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Earthquake Hazards Program

The USGS monitors and reports on earthquakes, assesses earthquake impacts and hazards, and conducts targeted research on the causes and effects of earthquakes. We undertake these activities as part of the larger National Earthquake Hazards Reduction Program (NEHRP), a four-agency partnership established by Congress.



Earthquakes can strike faster than a New York minute – What to do when the ground shakes...


New USGS map shows where damaging earthquakes are most likely to occur in US


Thirty years after the Northridge earthquake, new tools inform safety.


Incorporating intensity distance attenuation into PLUM ground-motion-based earthquake early warning in the United States: The APPLES configuration

We develop Attenuated ProPagation of Local Earthquake Shaking (APPLES), a new configuration for the United States West Coast version of the Propagation of Local Undamped Motion (PLUM) earthquake early warning (EEW) algorithm that incorporates attenuation into its ground-motion prediction procedures. Under APPLES, instead of using a fixed radius to forward-predict observed peak ground shaking to th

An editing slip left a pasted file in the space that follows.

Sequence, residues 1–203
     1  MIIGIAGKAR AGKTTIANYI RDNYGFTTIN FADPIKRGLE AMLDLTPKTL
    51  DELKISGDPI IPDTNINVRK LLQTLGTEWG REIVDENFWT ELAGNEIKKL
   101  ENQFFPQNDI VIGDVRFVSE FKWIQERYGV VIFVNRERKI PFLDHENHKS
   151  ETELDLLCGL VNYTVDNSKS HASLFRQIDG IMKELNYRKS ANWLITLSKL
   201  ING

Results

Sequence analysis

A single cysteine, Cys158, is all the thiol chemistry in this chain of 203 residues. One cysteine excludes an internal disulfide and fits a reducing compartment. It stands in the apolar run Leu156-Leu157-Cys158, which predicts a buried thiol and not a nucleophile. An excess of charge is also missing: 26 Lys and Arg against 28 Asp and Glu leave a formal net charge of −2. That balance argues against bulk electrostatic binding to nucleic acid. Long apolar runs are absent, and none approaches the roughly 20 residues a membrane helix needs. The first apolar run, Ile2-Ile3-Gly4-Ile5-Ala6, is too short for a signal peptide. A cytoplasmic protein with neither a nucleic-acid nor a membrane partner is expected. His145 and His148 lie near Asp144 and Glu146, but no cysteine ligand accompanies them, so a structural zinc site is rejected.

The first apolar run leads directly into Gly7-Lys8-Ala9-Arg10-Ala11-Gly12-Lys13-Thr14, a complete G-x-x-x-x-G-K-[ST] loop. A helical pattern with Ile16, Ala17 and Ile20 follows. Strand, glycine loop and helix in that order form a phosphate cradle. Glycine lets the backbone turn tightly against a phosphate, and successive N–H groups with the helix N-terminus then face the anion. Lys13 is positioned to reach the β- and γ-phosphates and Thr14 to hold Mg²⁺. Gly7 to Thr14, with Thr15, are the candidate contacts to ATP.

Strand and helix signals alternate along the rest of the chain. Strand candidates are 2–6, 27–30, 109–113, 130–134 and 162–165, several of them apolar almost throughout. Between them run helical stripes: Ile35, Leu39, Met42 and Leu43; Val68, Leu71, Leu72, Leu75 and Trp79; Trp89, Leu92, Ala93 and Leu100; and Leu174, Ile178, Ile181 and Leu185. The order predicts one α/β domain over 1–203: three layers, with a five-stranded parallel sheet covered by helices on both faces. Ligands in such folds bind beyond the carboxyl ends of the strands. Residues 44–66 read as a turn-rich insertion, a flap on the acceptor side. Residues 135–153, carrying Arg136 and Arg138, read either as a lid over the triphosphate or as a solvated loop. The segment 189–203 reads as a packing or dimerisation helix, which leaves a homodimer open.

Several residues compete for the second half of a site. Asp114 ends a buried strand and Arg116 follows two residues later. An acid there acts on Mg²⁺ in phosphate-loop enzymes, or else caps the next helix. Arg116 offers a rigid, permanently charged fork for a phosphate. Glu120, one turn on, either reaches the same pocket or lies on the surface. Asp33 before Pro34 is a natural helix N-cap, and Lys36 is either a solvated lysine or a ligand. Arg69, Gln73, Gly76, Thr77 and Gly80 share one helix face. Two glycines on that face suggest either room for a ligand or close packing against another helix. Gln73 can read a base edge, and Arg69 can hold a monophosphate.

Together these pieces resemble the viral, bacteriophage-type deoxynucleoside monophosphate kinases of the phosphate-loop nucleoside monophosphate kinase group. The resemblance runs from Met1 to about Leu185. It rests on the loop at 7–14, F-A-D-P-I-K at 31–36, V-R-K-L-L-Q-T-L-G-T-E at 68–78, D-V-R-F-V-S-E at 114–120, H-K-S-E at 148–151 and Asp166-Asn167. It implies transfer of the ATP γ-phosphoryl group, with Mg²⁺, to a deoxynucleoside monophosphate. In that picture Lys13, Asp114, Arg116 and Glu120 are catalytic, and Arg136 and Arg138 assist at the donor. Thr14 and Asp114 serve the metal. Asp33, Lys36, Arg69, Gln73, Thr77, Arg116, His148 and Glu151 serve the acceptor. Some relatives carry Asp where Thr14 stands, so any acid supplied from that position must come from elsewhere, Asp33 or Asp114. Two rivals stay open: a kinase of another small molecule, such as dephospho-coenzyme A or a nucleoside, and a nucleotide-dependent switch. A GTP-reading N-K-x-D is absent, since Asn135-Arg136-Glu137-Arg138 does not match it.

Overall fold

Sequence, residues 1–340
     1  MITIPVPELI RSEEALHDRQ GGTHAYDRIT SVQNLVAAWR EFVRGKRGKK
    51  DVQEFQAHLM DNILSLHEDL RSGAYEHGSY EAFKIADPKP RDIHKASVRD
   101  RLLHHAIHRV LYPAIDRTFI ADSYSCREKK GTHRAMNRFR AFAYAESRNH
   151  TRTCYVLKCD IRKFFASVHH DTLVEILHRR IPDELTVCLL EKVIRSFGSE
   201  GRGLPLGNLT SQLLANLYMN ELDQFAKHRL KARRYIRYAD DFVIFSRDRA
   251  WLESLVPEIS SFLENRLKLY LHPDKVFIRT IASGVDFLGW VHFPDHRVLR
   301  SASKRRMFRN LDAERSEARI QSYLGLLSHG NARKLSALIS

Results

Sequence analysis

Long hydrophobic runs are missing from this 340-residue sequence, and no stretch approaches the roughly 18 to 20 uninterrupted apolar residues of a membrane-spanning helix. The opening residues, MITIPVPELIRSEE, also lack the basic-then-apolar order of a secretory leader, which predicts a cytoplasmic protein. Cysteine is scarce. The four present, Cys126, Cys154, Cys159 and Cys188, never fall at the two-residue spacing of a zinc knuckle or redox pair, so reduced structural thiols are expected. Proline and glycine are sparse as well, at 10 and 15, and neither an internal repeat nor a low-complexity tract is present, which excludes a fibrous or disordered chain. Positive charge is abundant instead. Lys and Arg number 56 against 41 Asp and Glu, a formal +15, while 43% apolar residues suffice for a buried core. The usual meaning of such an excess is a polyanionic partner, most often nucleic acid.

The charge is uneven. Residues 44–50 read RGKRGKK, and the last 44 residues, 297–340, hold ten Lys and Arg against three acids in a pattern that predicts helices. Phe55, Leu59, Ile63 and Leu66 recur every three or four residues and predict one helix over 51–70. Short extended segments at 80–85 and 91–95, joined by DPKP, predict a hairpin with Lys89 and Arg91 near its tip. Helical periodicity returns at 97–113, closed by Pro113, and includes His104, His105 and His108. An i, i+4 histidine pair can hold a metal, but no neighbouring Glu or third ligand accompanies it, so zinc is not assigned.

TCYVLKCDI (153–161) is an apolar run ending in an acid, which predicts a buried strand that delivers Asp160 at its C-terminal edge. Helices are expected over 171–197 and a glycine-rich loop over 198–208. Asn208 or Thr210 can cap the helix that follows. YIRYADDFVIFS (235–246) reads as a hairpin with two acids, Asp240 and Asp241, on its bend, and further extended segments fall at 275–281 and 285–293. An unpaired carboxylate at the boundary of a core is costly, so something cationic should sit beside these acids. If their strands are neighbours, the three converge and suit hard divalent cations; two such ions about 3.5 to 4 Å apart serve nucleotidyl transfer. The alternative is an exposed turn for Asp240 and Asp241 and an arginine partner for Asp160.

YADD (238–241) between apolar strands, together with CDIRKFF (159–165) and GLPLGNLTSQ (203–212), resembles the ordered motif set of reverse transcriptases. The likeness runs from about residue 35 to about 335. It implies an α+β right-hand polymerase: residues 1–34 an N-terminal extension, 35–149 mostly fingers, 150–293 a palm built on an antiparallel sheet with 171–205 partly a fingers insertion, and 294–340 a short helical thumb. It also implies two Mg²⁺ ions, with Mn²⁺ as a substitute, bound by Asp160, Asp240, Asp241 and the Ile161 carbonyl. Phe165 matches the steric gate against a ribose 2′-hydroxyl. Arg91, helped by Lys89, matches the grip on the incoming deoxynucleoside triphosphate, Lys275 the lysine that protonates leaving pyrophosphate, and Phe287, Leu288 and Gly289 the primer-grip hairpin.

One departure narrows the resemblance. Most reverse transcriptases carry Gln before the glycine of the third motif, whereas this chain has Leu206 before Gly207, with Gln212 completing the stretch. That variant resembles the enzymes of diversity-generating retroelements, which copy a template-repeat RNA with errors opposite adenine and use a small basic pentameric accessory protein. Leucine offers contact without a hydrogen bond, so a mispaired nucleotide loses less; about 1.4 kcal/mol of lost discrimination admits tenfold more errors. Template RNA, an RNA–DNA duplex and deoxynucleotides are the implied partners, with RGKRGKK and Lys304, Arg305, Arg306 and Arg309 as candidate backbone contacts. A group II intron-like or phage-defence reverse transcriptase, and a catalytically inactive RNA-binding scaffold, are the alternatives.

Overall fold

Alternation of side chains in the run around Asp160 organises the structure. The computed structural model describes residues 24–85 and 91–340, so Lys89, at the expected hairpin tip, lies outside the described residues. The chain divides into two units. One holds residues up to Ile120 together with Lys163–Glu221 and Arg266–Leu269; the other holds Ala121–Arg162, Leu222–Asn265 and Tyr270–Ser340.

Jessie K. Saunders, Elizabeth S. Cochran, Julian Bunn, Annemarie S. Baltay, Sarah E. Minson, Colin T O'Rourke

Probabilistic seismic-hazard analysis for the western Kingdom of Saudi Arabia

We present a probabilistic seismic-hazard analysis (PSHA) for the west-central part of the Arabian Peninsula. Our study area includes the northern Harrat Rahat volcanic field and the nearby city of Al Madīnah, Kingdom of Saudi Arabia. This young, active volcanic field experienced one historical eruption in 1256 C.E. (654 in the year of the Hijra) that vented 20 to 22 kilometers (km) southeast of t

Ryota Kiuchi, Walter D. Mooney, Hani M. Zahran

Seismic hazard assessment for areas of volcanic activity in western Kingdom of Saudi Arabia

Earthquake swarms caused by volcanic activity, tectonic stresses, or industrial operations (oil and gas production) can pose considerable risk for nearby settlements. As a rule, a probabilistic seismic hazard assessment (PSHA) that is based on time-independent earthquakes does not take into account earthquake swarms because of their statistically time-dependent nature. We describe the technique an
Hani M. Zahran, Vladimir Sokolov, Ian C. F. Stewart